In 423 AD Aetius supported the new emperor Johannes who was praised for his mildness, intelligence, and general ability. Unlike the Theodosian emperors, he tolerated all Christian sects.  Aetius however arrived 3 days late (with a Hun army) to save Johannes who had been betrayed in Ravenna and killed by the army that Theodosius II (Eastern Emperor) had sent.  Valentinian III was then appointed emperor by Theodosius I.  Valentinians 25+ year rule was considered incompetent and did nothing to save Rome from the barbarians.  The final blow came in 454 AD when Valentinian III assassinated Aetius in Rome. 

Sidonius Apollinaris is credited with the famous observation,

"I am ignorant, sir, of your motives or provocations; I only know that you have acted like a man who has cut off his right hand with his left"

Rome would never recover and in within the next 25 years the barbarians would crush the last emperor, ending a thousand year empire in Europe.

Bonifacius

Comes Africae, AD 422-431. Ę 10mm

Carthage mint. Struck AD 423-425.

OBVS: [DO]MINO NO[STRO], pearl-diademed, draped, and cuirassed bust right

REV: Cross within wreath.

RIC X 3810 (very rare coin)  This coin is attributed to Bonifacius.  A key, but fleeting figure in the later Roman period.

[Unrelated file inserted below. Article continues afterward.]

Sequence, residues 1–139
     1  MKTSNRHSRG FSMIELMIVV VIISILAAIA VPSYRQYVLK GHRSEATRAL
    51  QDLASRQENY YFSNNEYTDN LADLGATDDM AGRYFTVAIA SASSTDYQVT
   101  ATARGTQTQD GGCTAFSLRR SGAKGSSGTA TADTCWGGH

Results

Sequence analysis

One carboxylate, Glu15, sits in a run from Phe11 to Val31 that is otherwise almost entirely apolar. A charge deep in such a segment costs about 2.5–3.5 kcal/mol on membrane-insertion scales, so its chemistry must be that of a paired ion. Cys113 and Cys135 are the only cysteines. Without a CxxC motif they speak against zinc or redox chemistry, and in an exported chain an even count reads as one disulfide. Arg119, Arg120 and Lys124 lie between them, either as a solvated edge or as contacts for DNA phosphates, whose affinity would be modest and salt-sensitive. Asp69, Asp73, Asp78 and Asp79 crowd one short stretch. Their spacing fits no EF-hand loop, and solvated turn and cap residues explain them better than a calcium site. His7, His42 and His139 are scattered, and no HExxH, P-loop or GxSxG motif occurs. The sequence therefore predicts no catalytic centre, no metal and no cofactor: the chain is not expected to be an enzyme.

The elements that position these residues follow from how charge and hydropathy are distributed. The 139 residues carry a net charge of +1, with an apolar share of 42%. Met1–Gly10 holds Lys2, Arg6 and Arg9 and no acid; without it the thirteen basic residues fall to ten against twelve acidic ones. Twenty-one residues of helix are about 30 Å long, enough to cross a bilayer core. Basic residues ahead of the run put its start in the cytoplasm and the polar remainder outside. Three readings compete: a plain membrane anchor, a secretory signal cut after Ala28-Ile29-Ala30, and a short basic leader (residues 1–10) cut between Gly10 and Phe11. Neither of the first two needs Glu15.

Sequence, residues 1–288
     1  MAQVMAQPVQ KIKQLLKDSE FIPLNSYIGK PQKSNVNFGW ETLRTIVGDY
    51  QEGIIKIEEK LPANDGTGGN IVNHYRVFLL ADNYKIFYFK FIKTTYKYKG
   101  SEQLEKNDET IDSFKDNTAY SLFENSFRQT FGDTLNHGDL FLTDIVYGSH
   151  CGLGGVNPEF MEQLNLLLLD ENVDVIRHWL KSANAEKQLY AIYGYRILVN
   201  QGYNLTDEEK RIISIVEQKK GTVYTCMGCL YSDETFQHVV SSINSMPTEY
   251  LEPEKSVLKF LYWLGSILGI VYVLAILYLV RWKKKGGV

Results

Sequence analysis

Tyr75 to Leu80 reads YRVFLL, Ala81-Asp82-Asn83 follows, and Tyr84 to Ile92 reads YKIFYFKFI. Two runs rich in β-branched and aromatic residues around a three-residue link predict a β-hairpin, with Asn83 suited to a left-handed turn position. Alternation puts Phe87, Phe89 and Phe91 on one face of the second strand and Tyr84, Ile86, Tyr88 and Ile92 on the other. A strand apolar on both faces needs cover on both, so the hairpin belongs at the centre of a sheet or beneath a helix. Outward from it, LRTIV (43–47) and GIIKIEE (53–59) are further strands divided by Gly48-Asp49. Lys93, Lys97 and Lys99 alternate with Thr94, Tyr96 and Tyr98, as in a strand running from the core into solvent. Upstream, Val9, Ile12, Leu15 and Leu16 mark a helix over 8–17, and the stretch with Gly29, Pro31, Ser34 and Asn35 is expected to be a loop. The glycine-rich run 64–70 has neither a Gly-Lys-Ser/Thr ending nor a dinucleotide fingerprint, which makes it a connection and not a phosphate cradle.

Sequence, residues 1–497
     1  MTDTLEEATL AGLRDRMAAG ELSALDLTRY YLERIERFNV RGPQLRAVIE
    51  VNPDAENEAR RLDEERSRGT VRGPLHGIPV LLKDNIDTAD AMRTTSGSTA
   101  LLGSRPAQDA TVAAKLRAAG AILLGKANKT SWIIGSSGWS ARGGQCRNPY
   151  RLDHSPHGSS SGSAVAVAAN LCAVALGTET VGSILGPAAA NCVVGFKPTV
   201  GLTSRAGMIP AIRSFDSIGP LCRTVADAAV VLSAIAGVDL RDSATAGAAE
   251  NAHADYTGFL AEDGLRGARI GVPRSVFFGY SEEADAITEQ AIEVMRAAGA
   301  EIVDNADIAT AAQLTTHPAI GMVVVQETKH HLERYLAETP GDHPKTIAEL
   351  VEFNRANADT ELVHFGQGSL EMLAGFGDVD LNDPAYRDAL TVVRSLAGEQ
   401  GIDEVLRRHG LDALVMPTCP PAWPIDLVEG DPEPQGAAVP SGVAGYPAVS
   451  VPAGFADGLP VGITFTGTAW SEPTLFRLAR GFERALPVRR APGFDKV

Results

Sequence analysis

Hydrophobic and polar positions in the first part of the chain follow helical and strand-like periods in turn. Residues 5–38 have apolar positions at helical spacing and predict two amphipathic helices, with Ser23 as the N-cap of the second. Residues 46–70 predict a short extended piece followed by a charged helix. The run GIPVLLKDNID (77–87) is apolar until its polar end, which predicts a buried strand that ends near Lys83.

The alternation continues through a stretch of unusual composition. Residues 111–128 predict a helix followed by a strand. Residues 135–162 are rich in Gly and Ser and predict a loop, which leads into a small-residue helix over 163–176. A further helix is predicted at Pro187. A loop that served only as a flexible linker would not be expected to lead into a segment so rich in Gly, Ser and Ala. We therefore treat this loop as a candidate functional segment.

Comes Bonifacius (anglicized in Count Boniface) (died 432) was a Roman general and governor of the Diocese of Africa. Along with his rival, Flavius Aėtius, he is sometimes termed "the last of the Romans."

After the death of Emperor Honorius in 423, primicerius notariorum Joannes was elevated to the throne. Bonifacius refused to acknowledge him, and prevented the plentiful shipments of African grain from reaching Italia. After a revolt in Gaul, and an uprising by general Aėtius, Joannes was overthrown, Valentinian III, nephew of Honorius, was made Western emperor by the Eastern Roman Emperor, Theodosius II. Bonifacius supported him, and resumed grain shipments.

Under the influence of Aėtius, the emperor's mother Galla Placidia convicted Bonifacius of treason against the emperor. Rather than surrender to probable execution, however, Bonifacius called in the support of Vandal mercenaries from their grazing grounds in Hispania. The entire tribe migrated en masse into Africa. However, by the time they arrived, Bonifacius had returned to Placidia's favor, and she had granted him the title of Patricius. He informed the Vandals that their services were no longer needed, but instead of returning to Hispania, they revolted and drove the Roman Empire out of Africa. The Vandals would rule the diocese until the Eastern Romans under Flavius Belisarius recaptured it in 534.